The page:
Reality Check on Bravo Housewives: Marijuana Use Doesn't Discriminate, But Marijuana Enforcement Does

On the October 11th episode of The Real Housewives of Atlanta, I anxiously awaited the aftermath of the Dwight Eubanks and NeNe Leakes showdown from the season premiere the week before. Instead, my ears perked up as Phaedra, one of the newest housewives, met with one of her clients, who had recently been charged with marijuana possession. Phaedra warned him of the collateral consequences that would occur if he continued getting arrested for marijuana. These consequences include not just arrest and incarceration, but also loss of employment, loss of child custody, and loss of public benefits such as public housing or financial aid for college.

Later, NeNe talked about her own son, Brice, and his arrest for marijuana possession. NeNe was extremely upset about Brice's arrest and talked about her fears as a mother for her son and the collateral consequences of being arrested. The fear in her eyes and voice as she painted the picture of the criminal justice system for Brice is all too familiar to many mothers of young black men. The consequences that these two young men face are serious - and, sadly, mirror the experiences of millions of young black men and their families.

Some of you may be thinking: "Serious consequences for marijuana? No way, it's just pot." But getting charged with marijuana possession is a lot more serious than most people think. Once someone has a criminal record, their employment opportunities are severely diminished, and there is a good chance they will get hopelessly entangled in the criminal justice system, which currently supervises more than 7 (seven!) million Americans. Marijuana arrests are the primary mechanism by which young black men are brought into the criminal justice system. While the conversation around pot is becoming more mainstream around the country, in black communities these minor nonviolent arrests effectively remove millions of otherwise law-abiding people from mainstream society. In Phaedra's interview, she explained how 1 in 3 African American males in Atlanta have a criminal record. As the show continued, I took a mental note that Atlanta would not be a place where I would want to raise a black son. While I am not saying that these two African American males featured on RHOA were racially targeted for their marijuana possession/use, the evidence shows that overall black men are disproportionately targeted by police.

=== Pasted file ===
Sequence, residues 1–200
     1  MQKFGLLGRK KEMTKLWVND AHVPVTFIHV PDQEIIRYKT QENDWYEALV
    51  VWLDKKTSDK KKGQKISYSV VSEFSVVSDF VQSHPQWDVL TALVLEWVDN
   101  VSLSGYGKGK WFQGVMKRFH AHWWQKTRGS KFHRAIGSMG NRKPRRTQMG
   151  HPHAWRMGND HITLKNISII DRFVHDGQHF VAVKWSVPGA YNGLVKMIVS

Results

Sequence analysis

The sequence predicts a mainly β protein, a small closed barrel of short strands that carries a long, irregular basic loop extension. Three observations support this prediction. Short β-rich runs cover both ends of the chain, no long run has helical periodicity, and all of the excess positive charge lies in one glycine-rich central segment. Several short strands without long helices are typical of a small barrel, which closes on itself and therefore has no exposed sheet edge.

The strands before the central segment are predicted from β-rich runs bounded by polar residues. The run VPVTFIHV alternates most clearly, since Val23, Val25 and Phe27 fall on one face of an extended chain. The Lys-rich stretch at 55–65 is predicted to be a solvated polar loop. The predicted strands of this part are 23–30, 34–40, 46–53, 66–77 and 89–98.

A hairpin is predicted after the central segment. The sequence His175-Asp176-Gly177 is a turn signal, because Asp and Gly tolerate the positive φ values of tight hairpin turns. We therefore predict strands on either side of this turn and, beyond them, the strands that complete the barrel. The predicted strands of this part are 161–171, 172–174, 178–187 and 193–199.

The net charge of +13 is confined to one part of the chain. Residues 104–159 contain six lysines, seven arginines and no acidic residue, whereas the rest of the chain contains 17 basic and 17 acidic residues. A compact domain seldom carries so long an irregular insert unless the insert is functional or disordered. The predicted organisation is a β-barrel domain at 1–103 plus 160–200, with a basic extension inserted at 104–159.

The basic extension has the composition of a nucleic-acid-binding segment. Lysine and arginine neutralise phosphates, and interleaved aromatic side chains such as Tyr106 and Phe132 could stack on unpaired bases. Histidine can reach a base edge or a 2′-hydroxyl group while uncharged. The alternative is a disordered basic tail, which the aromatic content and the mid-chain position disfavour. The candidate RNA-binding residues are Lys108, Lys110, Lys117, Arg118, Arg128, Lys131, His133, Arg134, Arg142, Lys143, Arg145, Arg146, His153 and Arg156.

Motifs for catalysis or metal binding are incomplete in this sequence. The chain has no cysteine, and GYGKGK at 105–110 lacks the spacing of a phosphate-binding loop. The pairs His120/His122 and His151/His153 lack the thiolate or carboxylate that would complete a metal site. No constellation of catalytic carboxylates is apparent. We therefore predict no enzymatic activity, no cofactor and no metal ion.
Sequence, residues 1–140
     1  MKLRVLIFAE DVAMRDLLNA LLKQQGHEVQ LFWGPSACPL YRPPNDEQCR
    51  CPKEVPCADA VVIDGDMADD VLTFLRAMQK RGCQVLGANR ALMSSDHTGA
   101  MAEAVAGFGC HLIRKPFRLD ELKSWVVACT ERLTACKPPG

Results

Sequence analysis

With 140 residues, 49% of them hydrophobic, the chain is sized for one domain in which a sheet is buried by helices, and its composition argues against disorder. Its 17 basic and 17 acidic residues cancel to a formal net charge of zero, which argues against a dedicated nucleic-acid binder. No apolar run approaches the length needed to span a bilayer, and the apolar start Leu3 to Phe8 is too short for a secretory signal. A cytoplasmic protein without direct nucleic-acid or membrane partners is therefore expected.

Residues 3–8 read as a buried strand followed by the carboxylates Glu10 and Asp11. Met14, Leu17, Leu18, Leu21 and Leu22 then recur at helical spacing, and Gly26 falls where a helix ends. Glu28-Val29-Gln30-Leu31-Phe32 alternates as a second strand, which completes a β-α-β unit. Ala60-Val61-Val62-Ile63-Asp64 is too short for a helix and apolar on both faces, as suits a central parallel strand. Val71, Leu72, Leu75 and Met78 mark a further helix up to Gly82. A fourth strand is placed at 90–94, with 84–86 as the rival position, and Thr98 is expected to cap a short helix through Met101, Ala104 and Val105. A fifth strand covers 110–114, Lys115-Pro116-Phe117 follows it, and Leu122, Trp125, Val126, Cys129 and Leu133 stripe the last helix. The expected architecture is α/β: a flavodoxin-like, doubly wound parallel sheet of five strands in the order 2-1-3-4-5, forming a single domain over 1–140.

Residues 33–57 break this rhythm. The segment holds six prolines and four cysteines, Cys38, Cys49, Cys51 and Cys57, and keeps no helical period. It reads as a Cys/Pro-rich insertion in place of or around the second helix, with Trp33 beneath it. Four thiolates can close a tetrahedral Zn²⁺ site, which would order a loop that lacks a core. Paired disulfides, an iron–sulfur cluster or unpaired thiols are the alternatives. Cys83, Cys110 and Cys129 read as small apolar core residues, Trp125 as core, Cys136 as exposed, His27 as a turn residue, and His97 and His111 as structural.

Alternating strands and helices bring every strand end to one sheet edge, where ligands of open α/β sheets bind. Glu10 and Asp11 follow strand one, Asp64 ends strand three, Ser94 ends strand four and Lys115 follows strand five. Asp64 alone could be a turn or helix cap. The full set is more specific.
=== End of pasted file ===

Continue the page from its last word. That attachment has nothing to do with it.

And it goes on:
Queens College professor Harry Levine has recently published several reports on marijuana arrests in California and New York City. The results are surprising - even though marijuana is less harmful than alcohol or tobacco, there has been a drastic increase in marijuana possession arrests in the United States over the past two decades. In New York City, where I live and work, blacks and Latinos represent almost 90% of NYC's marijuana arrests. In fact NYC has the leading number of marijuana arrests in the United States. Not to be overshadowed, Atlanta has the highest racial disparity percentage in marijuana arrests in the U.S.

Interestingly, later in the week, I watched the Real Housewives of DC reunion show. When Andy Cohen, host of Watch What Happens Live and all the Real Housewives reunions, asked Mary Schmidt Amons about her rumored prescription drug misuse, Lynda Erkiletian piped in that she smoked pot regularly before even drinking alcohol. The whole couch laughed - but notably Stacie Turner, the only African American housewife on the show, sat on the couch with her mouth gaping open in shock. I also stared at the television in shock that Lynda publicly revealed her marijuana use on national television.

But then I did some more research - and found that according to government data, white people use marijuana at the same rate as blacks. So why should I be surprised that Lynda is a regular pot smoker? I shouldn't! Despite the media's over-emphasis on blacks smoking marijuana and racially disproportionate arrest rates throughout the U.S., white people do smoke marijuana - a lot. I am sure that more RHODC women on the couch would have admitted to smoking marijuana if they were in the privacy of one of the housewives' homes, without BRAVO cameras. While I applaud Lynda for being honest about her marijuana use on national television, it doesn't stop me from thinking about how different the marijuana conversation was between Lynda and Brice, NeNe's son. Do white parents have to give their children the talk about "living in America while white?" No matter where you are in the country, if you are young and black, you are always at high risk of getting swept into our unforgiving criminal justice system. Changing marijuana enforcement practices would not end this problem, but would go a long way toward improving people's faith in the fairness of the criminal justice system - and improving the lives of the millions of young black men.


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